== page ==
by Jessica Andress, age 16
Winter raged outside. It battered the shutters, whistled down the chimneys, and threatened to burst asunder the front doors of the ancient mansion with its exceptionally gusty breath. On that frigid afternoon, when the wild wind fumed over the frosted lands like an enraged stampede of buffalo and the fire crackled and sizzled with additional profusion, Mrs. Alexandra Garthen relaxed contentedly in her favorite armchair. Daughter of the Duke of Manchyle, she had inherited a particularly affluent, handsome mansion in the northern portion of England. She was also the wife of the eminent-yet-eccentric doctor, Sir George Garthen, whose esteemed personage was recognized throughout London. Settled comfortably in the old leather chair, Alexandra delighted over the latest magazine edition of the Royal Fashion. Hardly more than an hour ago, she had indulged in a quaint, though not entirely pleasant, visit with her mother-in-law, Lady Charlene, who was peculiar, yet amusing in her own way. They had chatted about numerous topics: the uncommonly chilled weather, the pompous lords and ladies who had participated in a charming revelry hosted by Lady Charlene last weekend, and the health of Sir George. Alexandra feared the stress of his work had perturbed and disrupted his demeanor. Of late he had committed to exhibiting bizarre behavior. As she mused upon this, an outlandish sound directed Alexandra’s attention away from her thoughts. Prying her eyes away from her magazine, she glanced up.
Her breath escaped her. Swinging back and forth on the priceless diamond chandelier like the pendulum of a clock, Sir George cackled hysterically, whooped in amusement, and yelped with delight. His sleeves had been rolled up shabbily to his elbows and plucked of their cufflinks. His professional appearance was ruffled, and his tie flew behind him like a flag. When he swayed backwards, his sandy hair billowed wildly. He was a comical sight. Somewhere on the ground lay his business coat, top hat, and unblemished silken gloves. From what Alexandra gathered from the appearances of these recently disposed items, she concluded that her husband must have entered the room without her awareness, stripped himself of his formal accessories, clambered up onto the chandelier, and discovered a means of swaying backwards and forwards without demolishing it. As he careened above her head, Alexandra, who wondered why on earth he indulged in such dangerous amusements, remained indifferent. Twice he nearly fell.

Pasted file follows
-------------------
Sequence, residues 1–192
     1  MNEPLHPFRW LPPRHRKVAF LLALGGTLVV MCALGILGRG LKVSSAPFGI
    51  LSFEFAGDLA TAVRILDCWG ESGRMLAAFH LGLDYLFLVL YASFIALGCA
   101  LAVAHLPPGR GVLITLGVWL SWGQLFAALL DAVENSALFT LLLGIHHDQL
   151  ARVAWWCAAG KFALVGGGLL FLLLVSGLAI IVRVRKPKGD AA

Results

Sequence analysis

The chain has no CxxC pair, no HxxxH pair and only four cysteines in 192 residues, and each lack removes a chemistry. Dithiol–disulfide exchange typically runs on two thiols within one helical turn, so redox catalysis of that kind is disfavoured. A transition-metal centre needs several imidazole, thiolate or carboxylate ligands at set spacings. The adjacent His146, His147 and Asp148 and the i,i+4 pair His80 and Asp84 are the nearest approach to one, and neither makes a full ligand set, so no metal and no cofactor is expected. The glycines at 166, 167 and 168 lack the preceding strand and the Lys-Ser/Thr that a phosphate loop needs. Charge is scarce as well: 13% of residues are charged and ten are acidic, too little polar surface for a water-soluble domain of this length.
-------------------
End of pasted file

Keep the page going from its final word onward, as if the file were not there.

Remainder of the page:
Calmly Alexandra observed as her husband performed his enthusiastic-yet-imprudent presentation. Obviously, the stress of his work had disrupted his organized, collective mind. Alexandra sighed. This was not the first time her husband had engaged in such juvenile behavior. Only last week she had spotted him flinging himself out of a window and landing in a most uncomfortable position in their pool, far below in the backyard. According to the theory of Sir George’s physician, such unruly activities were a form of stress relief. Although Alexandra hardly believed in such foolishness, her husband digested every word with unwavering faith. Back and forth he swung on the chandelier while Alexandra followed him with her eyes without the slightest alteration of her features. She was not concerned. The famed Sir George always knew what was best, and if he had a mind to soar on a chandelier, then, evidently, he would succeed in accomplishing such an exploit. As Alexandra observed her husband, an idea fashioned within her mind. She would mimic the style of her husband’s rolled up sleeves, cockeyed tie, ruffled hair, and disrupted glasses in order to create a fashion which the whole of southern England would adore. Granted, the style would not thrive in the north and expel profit, but the south had recently taken a fancy to wild appearances, and she knew more than a dozen such eccentric characters who would be willing to purchase the fashion which her husband now displayed. Perhaps she would name it “Swingin’ Styles.” Grinning over that name, Alexandra scooped up her magazine and engrossed herself once more in the styles of royalty while Sir George leaped off of the chandelier, landed upon the floor in an ostentatious flaunt, gathered his hat, coat, and gloves, and strolled calmly out of the room.